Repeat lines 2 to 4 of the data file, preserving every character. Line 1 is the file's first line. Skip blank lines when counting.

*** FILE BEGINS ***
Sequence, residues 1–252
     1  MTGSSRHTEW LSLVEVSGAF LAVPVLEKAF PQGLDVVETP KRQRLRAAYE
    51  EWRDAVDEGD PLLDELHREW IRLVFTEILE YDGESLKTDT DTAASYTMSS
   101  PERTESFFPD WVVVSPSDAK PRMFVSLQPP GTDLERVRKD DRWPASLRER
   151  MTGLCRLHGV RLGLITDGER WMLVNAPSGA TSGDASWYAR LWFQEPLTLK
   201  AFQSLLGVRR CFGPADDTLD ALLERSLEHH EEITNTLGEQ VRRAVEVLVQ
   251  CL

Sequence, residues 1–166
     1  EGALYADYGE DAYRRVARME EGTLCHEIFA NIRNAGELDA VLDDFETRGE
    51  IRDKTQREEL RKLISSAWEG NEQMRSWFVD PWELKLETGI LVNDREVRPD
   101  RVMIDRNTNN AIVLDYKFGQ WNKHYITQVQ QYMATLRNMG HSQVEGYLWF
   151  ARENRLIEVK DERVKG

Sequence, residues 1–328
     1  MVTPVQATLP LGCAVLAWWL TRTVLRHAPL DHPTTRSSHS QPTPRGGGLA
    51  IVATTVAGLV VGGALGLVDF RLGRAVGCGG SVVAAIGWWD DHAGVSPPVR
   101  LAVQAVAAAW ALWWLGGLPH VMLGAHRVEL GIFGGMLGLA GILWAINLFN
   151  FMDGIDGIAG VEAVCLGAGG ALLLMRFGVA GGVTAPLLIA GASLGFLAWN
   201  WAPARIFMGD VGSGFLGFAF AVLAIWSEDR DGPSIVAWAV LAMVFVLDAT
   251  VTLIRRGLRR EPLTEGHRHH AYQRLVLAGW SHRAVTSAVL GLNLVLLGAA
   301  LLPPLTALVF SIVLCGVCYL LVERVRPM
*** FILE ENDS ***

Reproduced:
     1  MTGSSRHTEW LSLVEVSGAF LAVPVLEKAF PQGLDVVETP KRQRLRAAYE
    51  EWRDAVDEGD PLLDELHREW IRLVFTEILE YDGESLKTDT DTAASYTMSS
   101  PERTESFFPD WVVVSPSDAK PRMFVSLQPP GTDLERVRKD DRWPASLRER